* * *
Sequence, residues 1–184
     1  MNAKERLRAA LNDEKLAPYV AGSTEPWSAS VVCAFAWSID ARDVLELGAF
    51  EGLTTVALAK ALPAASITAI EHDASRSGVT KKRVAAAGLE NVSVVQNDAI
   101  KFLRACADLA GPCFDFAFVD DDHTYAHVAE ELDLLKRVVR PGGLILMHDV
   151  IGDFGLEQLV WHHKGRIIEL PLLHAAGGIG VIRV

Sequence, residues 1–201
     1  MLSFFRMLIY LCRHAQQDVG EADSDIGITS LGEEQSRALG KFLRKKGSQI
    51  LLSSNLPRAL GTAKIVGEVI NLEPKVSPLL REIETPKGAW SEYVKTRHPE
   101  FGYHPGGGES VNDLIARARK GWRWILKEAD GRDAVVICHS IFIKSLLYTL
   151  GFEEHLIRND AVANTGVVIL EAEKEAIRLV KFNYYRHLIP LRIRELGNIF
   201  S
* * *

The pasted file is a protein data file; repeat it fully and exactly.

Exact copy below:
Sequence, residues 1–184
     1  MNAKERLRAA LNDEKLAPYV AGSTEPWSAS VVCAFAWSID ARDVLELGAF
    51  EGLTTVALAK ALPAASITAI EHDASRSGVT KKRVAAAGLE NVSVVQNDAI
   101  KFLRACADLA GPCFDFAFVD DDHTYAHVAE ELDLLKRVVR PGGLILMHDV
   151  IGDFGLEQLV WHHKGRIIEL PLLHAAGGIG VIRV

Sequence, residues 1–201
     1  MLSFFRMLIY LCRHAQQDVG EADSDIGITS LGEEQSRALG KFLRKKGSQI
    51  LLSSNLPRAL GTAKIVGEVI NLEPKVSPLL REIETPKGAW SEYVKTRHPE
   101  FGYHPGGGES VNDLIARARK GWRWILKEAD GRDAVVICHS IFIKSLLYTL
   151  GFEEHLIRND AVANTGVVIL EAEKEAIRLV KFNYYRHLIP LRIRELGNIF
   201  S